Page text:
Guest Post by Michael Johnson who writes for www.smallbizio.com, a blog about small business tips and reviews.
Starting business is not for the faint of heart! You’re probably already aware of some of the obstacles you face. Here’s a look at 3 reasons NOT to start your own business—and how you can overcome them.
1. You Don’t Have Money to Start a Business
Any business you want to start will take some time before it earns enough income to support you full-time. Ideally, you should have enough money saved to cover about 6 months of personal expenses before you begin. This will give you some time to get your business established and generating the income you need. Starting with a service business that has low costs and quick initial revenue could be the answer to get started, even if you want to branch out into more of a product focused business.
You may be able to get a loan from a bank, or find investors who are willing to take a chance on your business. It would certainly be helpful to have a spouse or significant other who could earn enough to pay your bills while you are getting your business established. You could also consider starting your business on a part-time basis, or taking another part-time job until your own business is capable of providing a steady revenue stream.
2. You Can’t Get or Afford Health Insurance on Your Own
Health insurance is a key consideration for many people when selecting a job, and that concern only amplifies when starting a new business. One major illness or injury could even lead to financial disaster. If you are going to operate a business full time, it will be up to you to figure out how to get health insurance at a rate you can afford. With an illness or past medical history, getting health insurance on the open market can be very difficult.
Ideally, you have a spouse who can get health benefits on his or her group policy at work and cover you on their plan. This would provide you with a reasonable premium. In many cases you can join a professional organization or union that provides group health coverage to its self-employed members.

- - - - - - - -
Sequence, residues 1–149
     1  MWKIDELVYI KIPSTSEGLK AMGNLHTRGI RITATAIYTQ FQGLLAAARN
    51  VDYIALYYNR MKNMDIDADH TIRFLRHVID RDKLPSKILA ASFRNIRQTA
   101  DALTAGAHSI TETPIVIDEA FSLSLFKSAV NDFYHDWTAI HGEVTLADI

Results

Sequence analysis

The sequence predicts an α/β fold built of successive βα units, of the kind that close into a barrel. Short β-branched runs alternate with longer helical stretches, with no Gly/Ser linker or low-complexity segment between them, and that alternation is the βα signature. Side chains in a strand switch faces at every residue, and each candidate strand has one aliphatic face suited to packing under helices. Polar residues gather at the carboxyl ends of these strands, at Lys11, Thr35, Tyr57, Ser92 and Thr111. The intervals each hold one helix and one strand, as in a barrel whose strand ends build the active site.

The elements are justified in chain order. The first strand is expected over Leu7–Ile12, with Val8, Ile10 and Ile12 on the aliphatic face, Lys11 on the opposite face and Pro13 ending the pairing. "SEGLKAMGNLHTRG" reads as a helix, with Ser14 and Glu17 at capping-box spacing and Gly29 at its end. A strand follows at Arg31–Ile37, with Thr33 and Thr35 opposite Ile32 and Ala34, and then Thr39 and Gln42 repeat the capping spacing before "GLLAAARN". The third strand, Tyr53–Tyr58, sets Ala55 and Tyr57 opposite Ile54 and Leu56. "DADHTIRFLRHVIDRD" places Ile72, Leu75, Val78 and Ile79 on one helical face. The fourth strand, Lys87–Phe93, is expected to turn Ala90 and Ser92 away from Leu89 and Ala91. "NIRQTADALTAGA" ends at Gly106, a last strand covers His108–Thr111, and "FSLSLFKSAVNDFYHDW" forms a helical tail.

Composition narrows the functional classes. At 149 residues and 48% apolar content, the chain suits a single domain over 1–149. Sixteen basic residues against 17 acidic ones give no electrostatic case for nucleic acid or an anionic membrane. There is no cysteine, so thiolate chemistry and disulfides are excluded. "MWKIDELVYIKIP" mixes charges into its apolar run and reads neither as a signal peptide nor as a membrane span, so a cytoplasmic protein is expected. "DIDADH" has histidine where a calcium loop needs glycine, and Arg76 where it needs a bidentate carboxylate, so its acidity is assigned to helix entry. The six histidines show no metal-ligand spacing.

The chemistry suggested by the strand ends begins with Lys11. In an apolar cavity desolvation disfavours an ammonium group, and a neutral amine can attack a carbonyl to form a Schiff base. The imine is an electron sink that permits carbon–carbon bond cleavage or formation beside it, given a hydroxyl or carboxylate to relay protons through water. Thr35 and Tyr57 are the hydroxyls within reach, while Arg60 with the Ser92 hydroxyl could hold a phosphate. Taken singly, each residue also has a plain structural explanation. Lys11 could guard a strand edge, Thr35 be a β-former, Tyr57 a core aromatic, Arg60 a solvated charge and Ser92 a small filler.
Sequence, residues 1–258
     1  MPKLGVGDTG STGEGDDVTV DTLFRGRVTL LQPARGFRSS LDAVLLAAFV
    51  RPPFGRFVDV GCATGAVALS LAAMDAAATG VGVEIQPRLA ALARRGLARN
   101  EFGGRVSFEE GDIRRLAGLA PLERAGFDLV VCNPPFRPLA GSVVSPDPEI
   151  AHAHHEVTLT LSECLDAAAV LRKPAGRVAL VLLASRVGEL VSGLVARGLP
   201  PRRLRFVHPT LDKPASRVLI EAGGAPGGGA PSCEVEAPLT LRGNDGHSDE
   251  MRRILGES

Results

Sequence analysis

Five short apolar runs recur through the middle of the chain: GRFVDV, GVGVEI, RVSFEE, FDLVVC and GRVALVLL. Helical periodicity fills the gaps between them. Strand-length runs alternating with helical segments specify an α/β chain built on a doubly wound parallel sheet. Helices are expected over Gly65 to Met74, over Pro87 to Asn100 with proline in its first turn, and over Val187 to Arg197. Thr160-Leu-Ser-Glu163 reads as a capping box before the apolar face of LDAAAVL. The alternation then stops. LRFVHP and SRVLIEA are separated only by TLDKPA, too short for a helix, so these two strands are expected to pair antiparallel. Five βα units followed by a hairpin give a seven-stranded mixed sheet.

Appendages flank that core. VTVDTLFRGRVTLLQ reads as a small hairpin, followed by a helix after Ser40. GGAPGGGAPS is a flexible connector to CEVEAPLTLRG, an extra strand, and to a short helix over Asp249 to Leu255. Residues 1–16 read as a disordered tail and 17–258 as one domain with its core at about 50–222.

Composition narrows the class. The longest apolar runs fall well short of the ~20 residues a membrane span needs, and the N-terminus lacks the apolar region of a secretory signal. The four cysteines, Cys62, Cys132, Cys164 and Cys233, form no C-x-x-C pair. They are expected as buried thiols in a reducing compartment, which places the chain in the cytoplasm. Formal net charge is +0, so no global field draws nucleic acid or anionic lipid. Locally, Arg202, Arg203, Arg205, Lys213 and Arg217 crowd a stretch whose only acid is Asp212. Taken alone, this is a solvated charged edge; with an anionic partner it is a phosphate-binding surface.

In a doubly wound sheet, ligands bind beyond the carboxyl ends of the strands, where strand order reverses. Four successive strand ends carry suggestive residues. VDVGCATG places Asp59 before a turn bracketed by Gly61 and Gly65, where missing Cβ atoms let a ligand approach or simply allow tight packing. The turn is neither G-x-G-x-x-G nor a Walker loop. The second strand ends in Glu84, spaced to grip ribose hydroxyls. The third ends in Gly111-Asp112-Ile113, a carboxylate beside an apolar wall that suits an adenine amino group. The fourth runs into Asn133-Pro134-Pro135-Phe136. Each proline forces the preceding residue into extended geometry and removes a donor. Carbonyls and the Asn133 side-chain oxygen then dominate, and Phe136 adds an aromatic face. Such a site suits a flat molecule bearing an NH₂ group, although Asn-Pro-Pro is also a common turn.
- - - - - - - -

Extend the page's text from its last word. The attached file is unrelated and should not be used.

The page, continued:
High-deductible plans provide more affordable premiums. You can also set up a tax-deductible Health Savings Account (HSA) that can help you pay your deductibles and other out-of-pocket medical costs.
3. You Have No Patience for Record Keeping Needed in a Business
You may be the type who just wants to go out there and DO IT and forget about the extra details. However, running a business takes some discipline in bookkeeping and record keeping in addition to all of the actual “work” you’ll be doing. At the very least, you’ll need to keep good records for tax purposes. Keep track of all your transactions, including earnings and expenses. Having a good record-keeping system will make it easier to sell your business should you want to do so in the future.
If you just can’t stand keeping records, you could look for software to help you manage your bookkeeping and record keeping tasks. You could also consider having a partner or friend with good organizational skills handle these tasks for you.